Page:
On the way we were joined by an Italian ship from Shanghai, the Conte Verde, caught there by the war and now carrying the people from China which paralleled our course, say a half mile or more, as we rolled along. While the two ships traveled with full lights and huge electric light crosses amidships on both sides, we were happily unaware that an American submarine stopped seconds short of delivering a torpedo attack on the Conte Verde. A fifth immunity message, the earlier four not received, was decoded just in time, according to Clay Blair, Jr. in his book "Silent Victory," Volume 1.
From a distance, Hong Kong was a shattered hulk as the result of the fighting, and our men there, including Bob Rinden [previously assigned in] Montreal, had some hard stories. At one point the consular staff had been lined up in the belief they were to be shot. In the Saigon River we took on more passengers, including my Fletcher [School of Law and Diplomacy] friends, Harlan Clark from Bangkok and Kingsley Hamilton from Saigon. We were told that the Asama Maru, after adding our repatriates from Hong Kong and Saigon, had about 900 passengers and our companion ship, the Conte Verde, carried about 600, so both ships were crowded. Yet we were all United Nations nationals, so despite the known presence of police agents among the crew, we were comfortable to be with our compatriots.
Voyaging on, by the first week in July we were, they said, at Singapore. Although out sight of land, Japanese military aircraft flew over us for two days until we departed across the Indian Ocean for Lourenço Marques, beyond Japan's military control.
Every life has exceptional days, but a personal best was July 23rd , when we entered the harbor at Lourenço Marques. The first sight was an American flag freighter (later sunk, we heard) near the entrance. It blasted its whistle and we all cheered, because we felt near the end of a trying period. The Japanese and Italian ships docked end to end, and ahead of us waiting was the Swedish ship, Gripsholm, with its Japanese cargo from America. The time was not long, but it seemed so the next day as we collected our gear. Single lines went down the gangplanks, the Allied contingent walking on one side of a long warehouse, while the Japanese took the other. Our people were only able to take what they could carry, but we were told the Japanese had been given generous limits, including refrigerators.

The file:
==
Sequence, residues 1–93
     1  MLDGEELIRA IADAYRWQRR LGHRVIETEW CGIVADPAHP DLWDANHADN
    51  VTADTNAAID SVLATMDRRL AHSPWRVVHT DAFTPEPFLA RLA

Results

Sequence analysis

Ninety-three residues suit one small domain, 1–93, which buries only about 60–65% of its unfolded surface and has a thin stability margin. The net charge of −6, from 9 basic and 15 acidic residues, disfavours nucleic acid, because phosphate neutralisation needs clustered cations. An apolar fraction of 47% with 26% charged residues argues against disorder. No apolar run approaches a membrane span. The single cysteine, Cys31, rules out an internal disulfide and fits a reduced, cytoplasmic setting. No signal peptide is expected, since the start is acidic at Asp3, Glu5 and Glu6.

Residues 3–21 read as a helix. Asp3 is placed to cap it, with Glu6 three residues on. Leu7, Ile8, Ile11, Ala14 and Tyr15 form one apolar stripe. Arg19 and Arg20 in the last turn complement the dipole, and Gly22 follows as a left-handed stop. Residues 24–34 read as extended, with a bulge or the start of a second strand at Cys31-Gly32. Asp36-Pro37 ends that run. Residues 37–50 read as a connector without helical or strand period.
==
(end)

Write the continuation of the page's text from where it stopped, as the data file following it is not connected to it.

In the midst of this there was a small scene. Japanese youngsters from the stern of the Gripsholm and American children from the bow of the Asama Maru, began talking to each other to compare notes on the food aboard. This is what interested them as they talked to their peers.
When we reached the decks of the Gripsholm there was tremendous confusion. Suitcases were strewn all over, and everyone was carrying on animated conversations. There was some official order in the turbulence, since I got my next assignment. It was telegraphed, and assigned me to Istanbul -- a crusher. I wanted to get into the war, so as soon as possible I wired the Department requesting leave of absence to join the armed forces. I thought with my experience on Japanese shipping that I could be useful to Naval Intelligence, and I wanted to see some action. I got a brief reply denying my request and ordering me to proceed as directed. I knew by then that no one could travel without official orders and, not satisfied, sent a dispatch making my request at length and by protocol addressing it to the Secretary of State. Later in Istanbul I received a reply which, although longer than the earlier telegram, said the same.
The time came for the Gripsholm to leave, and in the prior evening I searched the ship, finding each of my surrogate family. On reaching home I later learned of our group's various assignments. Arthur performed war-related work in the Department. Scotty, in San Francisco, had a like Treasury mission. Jerry followed Japanese activities from a post in Buenos Aires, Argentina. Mary, on Jerry's strong recommendation, worked for G-2 of the Army upon Pacific order of battle intelligence.
For the present, from the cliff beside our hotel and with a new Foreign Service group, I silently watched the ship's morning departure. My mood reflected a vagrant Churchillian aphorism:
Courage is the one virtue that makes all of the others possible.
Excerpted from Roy M. Melbourne, Conflict and Crises: A Foreign Service Story. Lanham, MD: University Press of America, 1993. Used by kind permission of the publisher.